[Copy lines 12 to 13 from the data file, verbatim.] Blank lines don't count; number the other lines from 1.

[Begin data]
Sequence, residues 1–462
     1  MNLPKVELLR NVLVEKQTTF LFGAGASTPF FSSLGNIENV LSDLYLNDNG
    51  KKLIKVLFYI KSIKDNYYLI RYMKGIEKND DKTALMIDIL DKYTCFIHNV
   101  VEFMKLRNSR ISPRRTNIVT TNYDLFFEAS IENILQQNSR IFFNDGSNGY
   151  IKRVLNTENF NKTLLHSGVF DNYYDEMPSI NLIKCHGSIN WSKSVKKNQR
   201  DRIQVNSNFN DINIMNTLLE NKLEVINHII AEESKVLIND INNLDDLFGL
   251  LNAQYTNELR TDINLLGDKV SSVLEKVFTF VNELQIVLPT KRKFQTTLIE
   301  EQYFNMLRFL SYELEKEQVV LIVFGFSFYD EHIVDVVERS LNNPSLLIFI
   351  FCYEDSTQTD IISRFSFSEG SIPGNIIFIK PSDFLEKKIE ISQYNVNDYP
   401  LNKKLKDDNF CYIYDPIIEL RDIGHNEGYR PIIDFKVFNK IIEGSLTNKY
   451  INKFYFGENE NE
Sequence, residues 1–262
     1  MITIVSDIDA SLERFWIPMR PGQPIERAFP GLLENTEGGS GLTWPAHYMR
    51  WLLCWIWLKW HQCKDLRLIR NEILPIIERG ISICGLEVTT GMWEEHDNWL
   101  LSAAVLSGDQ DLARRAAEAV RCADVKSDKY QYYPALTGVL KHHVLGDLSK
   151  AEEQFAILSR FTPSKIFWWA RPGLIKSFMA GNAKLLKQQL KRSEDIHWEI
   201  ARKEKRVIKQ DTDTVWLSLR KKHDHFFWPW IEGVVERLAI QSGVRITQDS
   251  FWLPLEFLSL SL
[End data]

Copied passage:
Sequence, residues 1–262
     1  MITIVSDIDA SLERFWIPMR PGQPIERAFP GLLENTEGGS GLTWPAHYMR